The Tool Barn

Re-Glazing a Window with broken Glass Pane

Playing ball inside the house and need to fix a window? Read on, and you'll be able to fix windows like there is no tomorrow.

Glazer's point
Items needed:
Putty knife
Glazing compound
Glazer's points
Chisel or Scraper
Primer Paint (depends on conditions)
Safety glasses
Safety Suggestions and Tips
Keep glass wrapped in paper until use
Warm up glazing by rolling between hands
Push glazing point straight into mutton, not against glass
Level of difficulty

Time Required:
 1 hour


Marke square area to patch
Glazing compound in can

Step 1:

There are two different kinds of window glazing. It is available either in the can or in tube. While I sometime prefer the type in the tube, makers of canned material, such as DAP claim better durability.

Broken windows pane
Broken windows pane

Step 2:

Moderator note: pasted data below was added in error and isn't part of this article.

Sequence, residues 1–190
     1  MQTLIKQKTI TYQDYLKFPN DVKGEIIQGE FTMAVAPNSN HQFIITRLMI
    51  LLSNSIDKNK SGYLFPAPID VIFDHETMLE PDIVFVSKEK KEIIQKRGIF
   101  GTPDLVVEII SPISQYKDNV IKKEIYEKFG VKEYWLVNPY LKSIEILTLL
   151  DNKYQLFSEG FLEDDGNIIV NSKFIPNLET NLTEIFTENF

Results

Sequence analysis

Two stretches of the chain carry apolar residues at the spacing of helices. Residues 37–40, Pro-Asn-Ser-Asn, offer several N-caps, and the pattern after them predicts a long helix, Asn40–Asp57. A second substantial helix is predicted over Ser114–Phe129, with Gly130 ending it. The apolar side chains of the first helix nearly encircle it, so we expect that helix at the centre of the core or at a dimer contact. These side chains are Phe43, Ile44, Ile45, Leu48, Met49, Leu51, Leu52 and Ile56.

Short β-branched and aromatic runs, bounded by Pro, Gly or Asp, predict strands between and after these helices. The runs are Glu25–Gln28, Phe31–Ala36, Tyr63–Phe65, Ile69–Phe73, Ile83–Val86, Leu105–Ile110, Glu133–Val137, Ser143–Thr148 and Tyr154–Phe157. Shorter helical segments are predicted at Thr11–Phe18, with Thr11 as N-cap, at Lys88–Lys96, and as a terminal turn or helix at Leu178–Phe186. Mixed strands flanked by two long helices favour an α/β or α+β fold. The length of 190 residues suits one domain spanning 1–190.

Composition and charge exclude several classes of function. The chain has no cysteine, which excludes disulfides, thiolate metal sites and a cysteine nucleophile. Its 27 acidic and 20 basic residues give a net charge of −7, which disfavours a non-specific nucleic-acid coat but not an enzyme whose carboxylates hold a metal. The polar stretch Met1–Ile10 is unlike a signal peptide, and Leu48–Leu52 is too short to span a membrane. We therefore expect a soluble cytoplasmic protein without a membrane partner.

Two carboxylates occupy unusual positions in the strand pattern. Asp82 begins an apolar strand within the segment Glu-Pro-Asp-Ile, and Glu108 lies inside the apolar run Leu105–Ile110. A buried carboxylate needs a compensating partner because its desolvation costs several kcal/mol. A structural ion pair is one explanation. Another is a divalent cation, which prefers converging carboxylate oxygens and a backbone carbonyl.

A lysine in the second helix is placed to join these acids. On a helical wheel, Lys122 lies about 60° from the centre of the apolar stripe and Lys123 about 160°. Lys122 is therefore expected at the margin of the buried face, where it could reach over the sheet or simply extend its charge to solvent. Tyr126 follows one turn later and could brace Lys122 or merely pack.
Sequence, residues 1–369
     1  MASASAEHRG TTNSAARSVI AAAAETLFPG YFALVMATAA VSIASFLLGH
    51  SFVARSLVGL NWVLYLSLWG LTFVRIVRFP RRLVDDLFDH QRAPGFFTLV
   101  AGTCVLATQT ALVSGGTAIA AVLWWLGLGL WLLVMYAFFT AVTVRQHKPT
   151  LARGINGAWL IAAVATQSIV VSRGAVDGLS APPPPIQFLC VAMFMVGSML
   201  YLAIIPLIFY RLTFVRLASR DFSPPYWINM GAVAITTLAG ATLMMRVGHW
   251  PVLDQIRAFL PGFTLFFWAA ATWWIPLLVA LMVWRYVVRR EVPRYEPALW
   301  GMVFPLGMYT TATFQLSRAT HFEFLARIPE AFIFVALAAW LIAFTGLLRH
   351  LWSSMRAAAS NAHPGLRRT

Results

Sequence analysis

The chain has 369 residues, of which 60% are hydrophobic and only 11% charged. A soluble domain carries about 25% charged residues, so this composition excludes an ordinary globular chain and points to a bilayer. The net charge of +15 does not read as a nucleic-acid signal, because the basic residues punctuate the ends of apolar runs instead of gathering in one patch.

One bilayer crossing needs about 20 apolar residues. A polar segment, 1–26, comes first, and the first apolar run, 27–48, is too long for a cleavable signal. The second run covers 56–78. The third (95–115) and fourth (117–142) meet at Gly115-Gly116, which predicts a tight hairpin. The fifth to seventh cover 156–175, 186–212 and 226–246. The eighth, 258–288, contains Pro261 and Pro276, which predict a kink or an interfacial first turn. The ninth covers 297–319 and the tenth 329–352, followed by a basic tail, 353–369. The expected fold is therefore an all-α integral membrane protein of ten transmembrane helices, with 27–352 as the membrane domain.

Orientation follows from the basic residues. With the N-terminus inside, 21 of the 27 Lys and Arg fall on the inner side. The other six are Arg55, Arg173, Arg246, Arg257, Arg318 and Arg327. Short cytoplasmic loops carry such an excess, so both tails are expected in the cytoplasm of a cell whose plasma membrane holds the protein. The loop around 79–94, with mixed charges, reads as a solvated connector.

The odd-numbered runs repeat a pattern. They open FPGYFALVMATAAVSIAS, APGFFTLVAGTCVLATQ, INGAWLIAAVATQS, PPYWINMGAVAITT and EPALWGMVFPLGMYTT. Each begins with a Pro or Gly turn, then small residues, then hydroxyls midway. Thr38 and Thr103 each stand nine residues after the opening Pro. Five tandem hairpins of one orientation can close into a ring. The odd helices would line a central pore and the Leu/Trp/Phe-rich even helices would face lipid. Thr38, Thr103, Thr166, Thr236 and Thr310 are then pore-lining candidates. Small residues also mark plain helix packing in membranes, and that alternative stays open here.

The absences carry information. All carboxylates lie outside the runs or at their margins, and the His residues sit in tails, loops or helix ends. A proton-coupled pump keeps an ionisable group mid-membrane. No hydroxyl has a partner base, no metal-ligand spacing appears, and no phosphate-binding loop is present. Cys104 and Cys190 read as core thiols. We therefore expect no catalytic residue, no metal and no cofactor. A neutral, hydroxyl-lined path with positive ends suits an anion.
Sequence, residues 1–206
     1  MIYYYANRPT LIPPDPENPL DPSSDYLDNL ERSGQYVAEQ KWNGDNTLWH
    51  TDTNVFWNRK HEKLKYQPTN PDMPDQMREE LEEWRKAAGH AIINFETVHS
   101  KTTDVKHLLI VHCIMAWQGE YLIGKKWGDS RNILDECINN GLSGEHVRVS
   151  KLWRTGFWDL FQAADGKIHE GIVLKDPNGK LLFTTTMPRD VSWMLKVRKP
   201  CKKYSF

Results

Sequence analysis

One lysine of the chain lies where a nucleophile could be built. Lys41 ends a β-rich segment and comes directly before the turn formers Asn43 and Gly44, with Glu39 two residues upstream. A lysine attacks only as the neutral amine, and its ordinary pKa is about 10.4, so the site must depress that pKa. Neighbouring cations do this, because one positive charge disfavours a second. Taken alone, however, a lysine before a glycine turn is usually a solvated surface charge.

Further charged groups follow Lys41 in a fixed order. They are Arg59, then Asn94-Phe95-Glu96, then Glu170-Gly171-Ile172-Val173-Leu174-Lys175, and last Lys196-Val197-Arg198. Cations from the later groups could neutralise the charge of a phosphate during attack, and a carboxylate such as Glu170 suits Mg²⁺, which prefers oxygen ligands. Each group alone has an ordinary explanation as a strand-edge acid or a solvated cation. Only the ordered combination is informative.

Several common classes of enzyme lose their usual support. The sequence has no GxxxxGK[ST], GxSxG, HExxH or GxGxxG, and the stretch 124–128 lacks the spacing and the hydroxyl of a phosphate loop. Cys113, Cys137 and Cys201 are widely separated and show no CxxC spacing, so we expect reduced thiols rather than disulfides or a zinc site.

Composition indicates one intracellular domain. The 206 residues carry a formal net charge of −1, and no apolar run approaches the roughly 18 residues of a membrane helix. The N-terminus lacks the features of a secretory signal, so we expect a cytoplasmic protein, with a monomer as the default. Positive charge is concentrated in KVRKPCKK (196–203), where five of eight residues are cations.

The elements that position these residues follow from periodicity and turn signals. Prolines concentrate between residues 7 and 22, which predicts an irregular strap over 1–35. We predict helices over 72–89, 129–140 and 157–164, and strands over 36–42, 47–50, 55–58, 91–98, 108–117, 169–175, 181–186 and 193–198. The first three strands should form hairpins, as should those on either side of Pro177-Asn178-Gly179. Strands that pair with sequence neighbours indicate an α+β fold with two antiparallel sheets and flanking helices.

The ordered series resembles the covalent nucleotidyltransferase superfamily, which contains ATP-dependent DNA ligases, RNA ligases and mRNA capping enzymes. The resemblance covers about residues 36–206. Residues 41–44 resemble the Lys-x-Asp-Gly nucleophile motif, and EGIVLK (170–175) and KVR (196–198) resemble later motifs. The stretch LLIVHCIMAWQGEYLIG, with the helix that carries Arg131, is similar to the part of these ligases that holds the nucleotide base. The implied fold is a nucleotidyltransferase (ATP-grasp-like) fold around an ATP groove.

First a note about safety: GLASS IS SHARP. I'd wear leather gloves and safety glasses when taking the glass out. Remove as much glass as possible from the frame. Whatever glass remains will come out when you remove the glazing compound.

Putty knife
Putty knife

Step 3:

With as much glass as possible removed, begin removing the glazing compound. The glazing compound is the (usually) white stuff that holds the window panes in. You can start with a putty knife, but if the glazing compound has dried hard, you may need to use something else.

Tri-scraper to pry loose old glazing
Tri-scraper to pry loose old glazing

Step 4:

Older glazing compound is oil-based and a pencil-point torch is sometimes used to soften the compound. I favor a triangular scraper. Place the triangular scraper in the groove left by the glass and twist it to break off the glazing compound. Another option is a chisel. One note: don't get too forecful with the tools, you can damage the muntins (the muntin is the grille or divider in the window). Scrape off all of the glazing compound and clean up the muntins.

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